At a very early period society made a discovery upon which was founded one of the most universal of our moral laws, and one which, I think I am safe in stating, has been the least frequently infringed. Tribes made war upon neighboring tribes not only for enlargement of territory, and to avenge injuries, but to secure wives. A bachelor was compelled to catch a wife, either by force or strategy, not only for his own benefit, but because the health of the community and that of posterity demanded it. He accordingly prowled around a village or hunting ground of the enemy until an eligible candidate for his love (!) came out to fill her pitcher, or gather fuel, when he sprang gallantly upon her, knocked her down with his club, and dragged her off in triumph.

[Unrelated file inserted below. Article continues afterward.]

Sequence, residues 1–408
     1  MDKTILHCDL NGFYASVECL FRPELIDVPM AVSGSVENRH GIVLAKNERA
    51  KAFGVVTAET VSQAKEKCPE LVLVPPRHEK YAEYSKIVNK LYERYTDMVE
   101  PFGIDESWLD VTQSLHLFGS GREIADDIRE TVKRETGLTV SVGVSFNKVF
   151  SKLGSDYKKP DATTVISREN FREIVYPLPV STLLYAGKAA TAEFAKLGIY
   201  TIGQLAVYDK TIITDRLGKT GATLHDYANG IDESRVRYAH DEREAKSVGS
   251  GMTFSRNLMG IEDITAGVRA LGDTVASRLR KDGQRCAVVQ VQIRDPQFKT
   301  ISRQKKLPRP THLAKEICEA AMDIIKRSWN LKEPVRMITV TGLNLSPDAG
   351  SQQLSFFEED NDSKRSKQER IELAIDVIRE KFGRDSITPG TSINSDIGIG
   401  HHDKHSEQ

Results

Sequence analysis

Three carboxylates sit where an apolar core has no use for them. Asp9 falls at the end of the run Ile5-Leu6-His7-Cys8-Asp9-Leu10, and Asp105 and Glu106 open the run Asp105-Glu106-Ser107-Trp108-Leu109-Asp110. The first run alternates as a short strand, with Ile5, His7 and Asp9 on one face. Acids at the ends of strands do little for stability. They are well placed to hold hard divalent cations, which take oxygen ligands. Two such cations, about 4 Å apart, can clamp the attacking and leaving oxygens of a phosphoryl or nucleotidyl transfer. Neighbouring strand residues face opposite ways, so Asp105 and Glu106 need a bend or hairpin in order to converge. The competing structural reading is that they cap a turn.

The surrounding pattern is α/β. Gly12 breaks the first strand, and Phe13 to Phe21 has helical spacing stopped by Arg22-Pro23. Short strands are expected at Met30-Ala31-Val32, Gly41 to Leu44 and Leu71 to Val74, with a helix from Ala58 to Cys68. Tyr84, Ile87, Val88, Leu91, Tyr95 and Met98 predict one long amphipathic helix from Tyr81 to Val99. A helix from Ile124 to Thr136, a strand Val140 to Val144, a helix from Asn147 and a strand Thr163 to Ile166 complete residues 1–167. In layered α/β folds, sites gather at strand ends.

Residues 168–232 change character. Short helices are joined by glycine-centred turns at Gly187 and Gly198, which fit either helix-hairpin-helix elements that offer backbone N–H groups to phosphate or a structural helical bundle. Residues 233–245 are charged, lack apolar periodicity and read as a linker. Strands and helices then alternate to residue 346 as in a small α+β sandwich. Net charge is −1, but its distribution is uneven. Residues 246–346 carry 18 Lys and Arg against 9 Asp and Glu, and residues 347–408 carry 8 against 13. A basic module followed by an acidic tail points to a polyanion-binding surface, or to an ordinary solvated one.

The process of courtship was simple but radical; presenting, in some respects, advantages not possessed by the modern method, A man with a hare-lip, bow-legs, or an impediment in his speech, provided he had a true aim and a strong arm, had an equal chance with the best of them, and at the same time the question of domestic sovereignty was pretty well settled at the very outset.

The psychology of such a wooing is readily explained. It had been observed that alien wives produced more children and stronger children than the native articles, the discovery recently alluded to; and also that puny, weak and infrequent offspring were the product of blood relationship between husband and wife; therefore they decreed against marriages of consanguinity. These ordinances relating to marriage, enacted by the wise graybeards of the tribes, and frequently put forth as commandments of the gods, were at first obeyed by the young through fear, and afterwards through a mentally ingrained tribal tradition.